Holocaust films are a historically tricky business. It’s inherently difficult to capture the event’s unspeakable horror without devolving into exploitation or making its depiction dramatic, i.e. simply showing despair isn’t the same thing as narrativizing it. However, László Nemes’ debut feature “Son of Saul” lives in the despair of the Auschwitz-Birkenau camp by demanding that the horror is always present. Shot almost entirely in shallow focus, “Son of Saul” keeps its title character, a Hungarian member of the Sonderkommando forced to aid with the disposal of gas chamber victims, in the foreground as the atrocities surround him out of focus in the corner of the frame. This technique isn’t exclusively meant to spare the audience of full immersion, but it’s mostly meant to normalize the horror for Saul (Géza Röhrig) who is on a mission to give a proper Jewish burial to a dead teenager that he believes is his son. Winner of the Grand Prix at the Cannes Film Festival, “Son of Saul” has garnered rave reviews for its harrowing, thrilling depiction of sacrifice and the discovery of purpose while facing certain death. It’s been roundly considered one of the very best films of the year.
More thoughts from the Criticwire Network:
Kenneth Turan, The L.A. Times
“Son of Saul” is an immersive experience of the most disturbing kind, an unwavering vision of a particular kind of hell. No matter how many Holocaust films you’ve seen, you’ve not seen one like this. A confident, audacious first feature by Hungarian director László Nemes and winner of the Grand Jury Prize at Cannes, “Son of Saul” is carefully focused on a 36-hour period inside Auschwitz-Birkenau in October 1944. It’s not just the film’s complete avoidance of special pleading and sentimentality, nor the concentration camp setting that makes “Son of Saul” simultaneously difficult to watch and impossible to turn away from. It’s the powerful and impressive way director Nemes, his virtuoso cinematographer, Mátyás Erdély, and the rest of the team combine aesthetic choices and cinematic techniques to give viewers a terrifying fictional glimpse of what it might have been like to be inside what Nemes has called “a factory producing and eliminating corpses on an industrial scale.” This glimpse is so potent and unprecedented that it overshadows the story of one man’s quest that Nemes and his co-screenwriter, Clara Royer, have chosen to tell. To a certain extent that narrative functions as a device that enables us to see more of the charnel house chaos of Auschwitz-Birkenau (where part of Nemes’ family was killed) than we would otherwise encounter, a skeleton key, in effect, to different circles of hell. Read more.
Scott Tobias, The Village Voice
What are the limits of representation? That’s a moral question that hovers over any depiction of the Final Solution, and it’s not considered lightly by László Nemes’s “Son of Saul,” which turns unimaginable horrors into tangible ones. By venturing inside the death factory of Auschwitz-Birkenau, Nemes risks greeting obscenity with obscenity, as if the Holocaust were the latest frontier in you-are-there experiential cinema. Whether Nemes crosses the line is a matter of personal taste, but there’s no question that he’s aware of that line, because nearly every second in “Son of Saul” feels like an act of aesthetic calculation. What we see and don’t see, what we hear and don’t hear — all rigorously determined to evoke a historical evil as fully as possible without marinating in it. Though Nemes and his cinematographer, Mátyás Erdély, are precise in controlling what the camera glimpses, their main strategy is to limit visual perspective severely and leave the soundtrack — and the viewer’s imagination — to do most of the dirty work. In his audacious feature debut, Nemes, a Hungarian who served as assistant director to Béla Tarr on “The Man From London,” narrows the frame to Academy ratio, keeps a shallow depth-of-field, and tracks a single cog in the death-camp machine. There’s a creeping sense, throughout the film, that any attempt to open the lens a little wider or follow a more redemptive arc would be an unseemly act of exploitation. Read more.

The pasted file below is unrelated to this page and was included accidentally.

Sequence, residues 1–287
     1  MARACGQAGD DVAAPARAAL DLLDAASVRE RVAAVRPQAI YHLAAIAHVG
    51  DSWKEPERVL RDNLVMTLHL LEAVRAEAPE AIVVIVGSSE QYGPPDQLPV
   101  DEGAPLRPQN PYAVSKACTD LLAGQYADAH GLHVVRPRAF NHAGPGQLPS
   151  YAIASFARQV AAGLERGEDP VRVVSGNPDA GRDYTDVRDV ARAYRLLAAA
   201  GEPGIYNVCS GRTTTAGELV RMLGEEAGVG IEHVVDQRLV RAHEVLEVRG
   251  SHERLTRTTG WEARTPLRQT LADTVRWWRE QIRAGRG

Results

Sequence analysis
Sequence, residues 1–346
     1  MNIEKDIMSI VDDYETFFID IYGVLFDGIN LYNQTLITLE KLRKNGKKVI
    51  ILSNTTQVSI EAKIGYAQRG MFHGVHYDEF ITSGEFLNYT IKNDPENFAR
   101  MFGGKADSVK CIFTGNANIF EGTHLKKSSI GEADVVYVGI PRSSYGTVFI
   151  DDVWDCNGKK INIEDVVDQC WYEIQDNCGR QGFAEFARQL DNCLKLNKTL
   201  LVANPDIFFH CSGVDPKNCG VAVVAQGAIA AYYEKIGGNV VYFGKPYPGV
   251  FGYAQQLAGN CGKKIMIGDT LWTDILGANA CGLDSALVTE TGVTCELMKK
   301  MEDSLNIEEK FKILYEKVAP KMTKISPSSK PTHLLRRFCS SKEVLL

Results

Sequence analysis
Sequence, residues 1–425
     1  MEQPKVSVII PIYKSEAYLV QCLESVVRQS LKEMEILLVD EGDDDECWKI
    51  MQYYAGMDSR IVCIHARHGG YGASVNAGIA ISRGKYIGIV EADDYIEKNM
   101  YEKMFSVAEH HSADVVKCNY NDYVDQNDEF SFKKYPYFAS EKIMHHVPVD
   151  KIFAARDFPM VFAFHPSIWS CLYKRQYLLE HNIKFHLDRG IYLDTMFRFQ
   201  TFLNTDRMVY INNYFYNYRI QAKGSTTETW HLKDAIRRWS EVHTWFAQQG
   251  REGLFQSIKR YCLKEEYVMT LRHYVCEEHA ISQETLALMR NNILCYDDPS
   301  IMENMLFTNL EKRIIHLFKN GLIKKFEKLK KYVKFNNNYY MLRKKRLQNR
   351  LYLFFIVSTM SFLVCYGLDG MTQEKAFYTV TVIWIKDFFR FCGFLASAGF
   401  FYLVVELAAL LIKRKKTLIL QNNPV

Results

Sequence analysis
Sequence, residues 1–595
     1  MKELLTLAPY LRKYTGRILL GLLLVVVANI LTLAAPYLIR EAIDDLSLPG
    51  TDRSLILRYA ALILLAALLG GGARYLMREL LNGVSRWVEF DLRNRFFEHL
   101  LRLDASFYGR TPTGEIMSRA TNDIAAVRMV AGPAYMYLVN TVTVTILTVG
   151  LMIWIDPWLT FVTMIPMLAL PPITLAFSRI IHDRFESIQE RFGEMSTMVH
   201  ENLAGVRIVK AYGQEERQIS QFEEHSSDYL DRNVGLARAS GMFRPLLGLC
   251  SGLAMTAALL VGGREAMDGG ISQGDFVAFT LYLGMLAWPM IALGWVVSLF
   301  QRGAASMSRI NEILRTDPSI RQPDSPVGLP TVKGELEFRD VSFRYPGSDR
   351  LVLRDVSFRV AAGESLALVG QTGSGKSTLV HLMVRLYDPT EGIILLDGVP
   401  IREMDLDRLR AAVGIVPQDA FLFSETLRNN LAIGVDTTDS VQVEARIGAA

A.A. Dowd, The A.V. Club
“Son Of Saul” is the rare Holocaust drama that finds actual drama, and not just despair, in the living hell of a concentration camp. It’s hinted early on that Saul may be wrong about the boy, that he may have invented the blood relation in his mind. Whether the child is his or not is irrelevant; the film is more interested in providing actual agency to a man stripped of everything, to giving him an honest-to-God choice. It’s all related to the moral dilemma of his moral mission: As it eventually becomes clear, Saul is part of something larger than himself, a resistance movement among the Sonderkommandos, who are plotting an escape. By choosing to privilege his newfound crusade over his role in the plan, is Saul choosing self-interest — some form of fulfillment before he dies — over the potential survival of the group? (“You failed the living for the dead,” someone eventually tells him.) If “Son Of Saul,” with its elaborate handheld following shots, sometimes resembles an especially ambitious and robust Dardenne imitation, it’s also the rare film that feels indebted not just to those sibling directors’ style but also to their profound ethical and spiritual inquiry. Read more.